XCL top tube questions- Mtbr.com
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  1. #1
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    XCL top tube questions

    1. Where the top tube meets the head tube there are 2 supports and on all the XCL frames it looks like the weld only goes around 3 sides and not the whole support. Just curious why.

    2. In a post on 9/7 a topic came up but was not really addressed. What is the difference between actual and effective top tube length. On Chumba's site they list the difference between a MED and LG as 23.5" VS 24" When I measure my frame from center of the seat quick release to center of head tube I come up with 23.5" is this effective or actual and do I have a MED or LG frame, not that I think the 1/2" would matter with seat and stem adjustments available.

  2. #2
    Nightriding rules SuperModerator
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    Quote Originally Posted by keefe
    1. Where the top tube meets the head tube there are 2 supports and on all the XCL frames it looks like the weld only goes around 3 sides and not the whole support. Just curious why.

    2. In a post on 9/7 a topic came up but was not really addressed. What is the difference between actual and effective top tube length. On Chumba's site they list the difference between a MED and LG as 23.5" VS 24" When I measure my frame from center of the seat quick release to center of head tube I come up with 23.5" is this effective or actual and do I have a MED or LG frame, not that I think the 1/2" would matter with seat and stem adjustments available.
    1. I am not sure why they don't weld it, but the other 2 welds on the sides should be enough to distribute the effort onto the tube, which is the purpose of that gusset...

    2. actual TT is the measurement that you did.......... effective TT is when you measure from the center of the headtube horizontally (parallel to the ground) to the projected centerline of the seattube (probably somewhere up your seat post)

  3. #3
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    Quote Originally Posted by keefe
    1. Where the top tube meets the head tube there are 2 supports and on all the XCL frames it looks like the weld only goes around 3 sides and not the whole support. Just curious why.

    2. In a post on 9/7 a topic came up but was not really addressed. What is the difference between actual and effective top tube length. On Chumba's site they list the difference between a MED and LG as 23.5" VS 24" When I measure my frame from center of the seat quick release to center of head tube I come up with 23.5" is this effective or actual and do I have a MED or LG frame, not that I think the 1/2" would matter with seat and stem adjustments available.
    For #1 - I believe that's what is called an open gusset. Here is the reason behind it from the EVO page.

    Open Gussets, so stress impact is more evenly distributed

    For #2 - the effective top tube measurement is a line (parallel to the ground) straight back from the top of your head tube to where your seat post would be. Actual top tube is the actual measurement of the top tube. The effective measurement takes into account the seat tube angle.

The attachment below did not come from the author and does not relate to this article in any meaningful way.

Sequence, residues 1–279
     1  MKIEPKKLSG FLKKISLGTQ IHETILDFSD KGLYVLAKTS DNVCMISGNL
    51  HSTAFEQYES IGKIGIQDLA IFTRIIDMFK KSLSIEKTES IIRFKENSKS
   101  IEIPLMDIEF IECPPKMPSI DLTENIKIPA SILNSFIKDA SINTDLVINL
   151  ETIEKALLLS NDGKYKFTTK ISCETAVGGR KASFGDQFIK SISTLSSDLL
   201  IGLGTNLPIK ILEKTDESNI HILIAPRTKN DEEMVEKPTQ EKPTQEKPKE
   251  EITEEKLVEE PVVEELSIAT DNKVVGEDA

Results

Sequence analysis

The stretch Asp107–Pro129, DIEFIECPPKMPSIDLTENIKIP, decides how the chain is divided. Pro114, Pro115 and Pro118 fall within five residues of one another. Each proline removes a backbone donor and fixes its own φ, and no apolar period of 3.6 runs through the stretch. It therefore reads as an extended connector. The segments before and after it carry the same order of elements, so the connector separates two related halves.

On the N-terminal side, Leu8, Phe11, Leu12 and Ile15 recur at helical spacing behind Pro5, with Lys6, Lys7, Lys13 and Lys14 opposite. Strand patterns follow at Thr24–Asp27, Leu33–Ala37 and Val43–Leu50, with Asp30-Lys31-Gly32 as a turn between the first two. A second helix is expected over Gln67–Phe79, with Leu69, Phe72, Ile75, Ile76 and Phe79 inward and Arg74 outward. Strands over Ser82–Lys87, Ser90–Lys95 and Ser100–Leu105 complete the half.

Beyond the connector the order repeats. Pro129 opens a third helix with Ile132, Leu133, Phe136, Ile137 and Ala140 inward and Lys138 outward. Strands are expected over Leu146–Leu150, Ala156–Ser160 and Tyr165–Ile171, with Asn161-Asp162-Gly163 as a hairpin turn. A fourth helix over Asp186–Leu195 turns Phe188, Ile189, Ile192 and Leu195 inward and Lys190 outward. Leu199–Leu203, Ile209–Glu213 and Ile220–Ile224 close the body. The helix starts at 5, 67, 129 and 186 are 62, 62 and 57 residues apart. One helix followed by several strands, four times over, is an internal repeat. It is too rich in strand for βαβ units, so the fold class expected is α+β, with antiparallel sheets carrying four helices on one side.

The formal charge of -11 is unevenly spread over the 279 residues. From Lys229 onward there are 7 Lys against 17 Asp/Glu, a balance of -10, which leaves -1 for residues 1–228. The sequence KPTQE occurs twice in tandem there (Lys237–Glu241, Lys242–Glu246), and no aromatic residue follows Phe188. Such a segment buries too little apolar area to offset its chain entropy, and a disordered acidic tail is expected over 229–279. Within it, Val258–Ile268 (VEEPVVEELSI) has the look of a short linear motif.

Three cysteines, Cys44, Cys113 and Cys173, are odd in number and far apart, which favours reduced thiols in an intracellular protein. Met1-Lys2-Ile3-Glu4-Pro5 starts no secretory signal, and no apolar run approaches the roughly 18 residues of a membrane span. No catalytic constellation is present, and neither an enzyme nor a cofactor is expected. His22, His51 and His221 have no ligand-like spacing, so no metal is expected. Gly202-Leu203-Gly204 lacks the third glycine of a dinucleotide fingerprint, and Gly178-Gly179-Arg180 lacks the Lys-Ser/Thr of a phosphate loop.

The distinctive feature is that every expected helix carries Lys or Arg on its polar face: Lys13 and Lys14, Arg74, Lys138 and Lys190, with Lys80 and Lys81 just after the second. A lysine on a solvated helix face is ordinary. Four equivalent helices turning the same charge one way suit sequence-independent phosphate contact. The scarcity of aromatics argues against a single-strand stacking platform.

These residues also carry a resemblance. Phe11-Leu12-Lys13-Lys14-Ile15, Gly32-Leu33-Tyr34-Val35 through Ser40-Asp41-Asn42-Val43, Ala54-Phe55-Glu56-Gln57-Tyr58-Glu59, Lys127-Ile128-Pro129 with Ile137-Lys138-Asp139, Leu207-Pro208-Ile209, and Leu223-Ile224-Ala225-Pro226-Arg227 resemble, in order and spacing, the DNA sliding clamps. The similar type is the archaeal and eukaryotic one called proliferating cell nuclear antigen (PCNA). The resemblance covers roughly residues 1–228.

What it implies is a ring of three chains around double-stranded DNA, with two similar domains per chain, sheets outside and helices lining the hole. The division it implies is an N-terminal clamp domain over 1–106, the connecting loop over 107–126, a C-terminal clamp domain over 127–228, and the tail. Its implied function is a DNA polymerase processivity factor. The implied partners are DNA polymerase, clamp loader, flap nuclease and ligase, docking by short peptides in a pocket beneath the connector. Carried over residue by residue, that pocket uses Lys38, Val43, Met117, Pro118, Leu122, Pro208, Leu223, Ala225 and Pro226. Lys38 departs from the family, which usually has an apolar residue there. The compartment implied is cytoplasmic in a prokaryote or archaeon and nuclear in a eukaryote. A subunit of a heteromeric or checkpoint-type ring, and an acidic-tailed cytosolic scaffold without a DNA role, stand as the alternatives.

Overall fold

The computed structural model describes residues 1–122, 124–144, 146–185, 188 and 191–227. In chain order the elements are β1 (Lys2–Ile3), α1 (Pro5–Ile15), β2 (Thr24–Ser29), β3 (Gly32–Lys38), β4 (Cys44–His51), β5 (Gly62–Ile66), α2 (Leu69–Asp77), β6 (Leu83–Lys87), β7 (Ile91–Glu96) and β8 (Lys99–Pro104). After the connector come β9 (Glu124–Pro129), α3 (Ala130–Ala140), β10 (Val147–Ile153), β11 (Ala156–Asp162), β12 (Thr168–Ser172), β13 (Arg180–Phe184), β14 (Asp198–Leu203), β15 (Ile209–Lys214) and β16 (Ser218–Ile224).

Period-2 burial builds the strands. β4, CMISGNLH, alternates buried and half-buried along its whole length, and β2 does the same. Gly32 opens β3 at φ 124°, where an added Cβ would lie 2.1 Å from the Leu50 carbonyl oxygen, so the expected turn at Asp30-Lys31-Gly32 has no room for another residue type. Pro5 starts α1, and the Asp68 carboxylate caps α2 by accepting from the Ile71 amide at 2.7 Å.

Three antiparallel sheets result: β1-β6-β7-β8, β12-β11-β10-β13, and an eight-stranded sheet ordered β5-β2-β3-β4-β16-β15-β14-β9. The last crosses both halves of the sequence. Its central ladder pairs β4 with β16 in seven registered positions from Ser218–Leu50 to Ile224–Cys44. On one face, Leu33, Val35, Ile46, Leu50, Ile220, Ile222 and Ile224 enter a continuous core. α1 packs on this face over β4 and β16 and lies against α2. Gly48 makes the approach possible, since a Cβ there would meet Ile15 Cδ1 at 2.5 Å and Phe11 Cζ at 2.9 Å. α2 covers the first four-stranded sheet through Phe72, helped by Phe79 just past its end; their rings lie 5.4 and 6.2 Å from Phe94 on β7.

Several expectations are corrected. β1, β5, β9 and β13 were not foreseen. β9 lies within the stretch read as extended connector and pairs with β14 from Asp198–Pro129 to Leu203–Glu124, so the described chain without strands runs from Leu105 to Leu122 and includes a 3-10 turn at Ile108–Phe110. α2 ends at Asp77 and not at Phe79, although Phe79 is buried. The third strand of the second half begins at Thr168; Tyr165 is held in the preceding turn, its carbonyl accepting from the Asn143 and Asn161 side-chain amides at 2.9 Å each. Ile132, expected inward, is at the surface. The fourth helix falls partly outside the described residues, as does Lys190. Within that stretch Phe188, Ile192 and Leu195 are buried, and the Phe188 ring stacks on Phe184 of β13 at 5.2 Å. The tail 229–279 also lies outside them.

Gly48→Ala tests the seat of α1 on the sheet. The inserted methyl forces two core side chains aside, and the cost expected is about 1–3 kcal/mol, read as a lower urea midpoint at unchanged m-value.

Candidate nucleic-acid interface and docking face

4. #4
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    So, just to clarify...when Chumba says that a medium XCL as a 23.5" top tube length, is that the Actual or Effective? I would really like to know what the effective tt length is.

    Thanks.

  5. #5
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    Medium XCL's effective top tube is 23.5". The actual TT on mine measures out to be around 22.25".

  6. #6
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    Not welding that part saves them cost on the manufacuring.

  7. #7
    Mmmm Rocks Good
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    It saves them next to nothing in cost. I work in manufacturing and a good welder can weld those 4 or 5 inches total in about 2 minutes. The choice to not weld those ends has more to do with creating a potential stress riser across the area that is heat effected by the welding. Think of it like a pc of bamboo. It is easy to snap a pc of bamboo if you score across the grain of the bamboo. If you score with the grain of the bamboo you do not signifcantly weaken the total structure.

  8. #8
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    Cool-blue Rhythm

    I was just making a joke

  9. #9
    Mmmm Rocks Good
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    No problem!

    Quote Originally Posted by bit_lizard
    I was just making a joke
    No problem, I realized it as well but who knows if anybody else would get it and I was more interested in providing an explanation for the open gussets.

  10. #10
    Compulsive Bike Builder
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    It is what I like about Chumbas

    Another way to put this - that last weld does not contribute to the strength of the gusset. In fact, as an unneeded weld, the frame is actually weaker with that extra weld on it. This can be seen through computer analysis, which I know Ted does a lot of on his designs.

    It may not be much weaker, but you can see by looking at Ted's designs that he always goes with the option that makes the frame stiffer.

    It is sort of like being a weight weenie, which I am by admission. Lightening one part won't give you a light bike. But if you choose every component with light weight in mind, you can get a good result. Likewise with frame stiffness, every little bit adds up.
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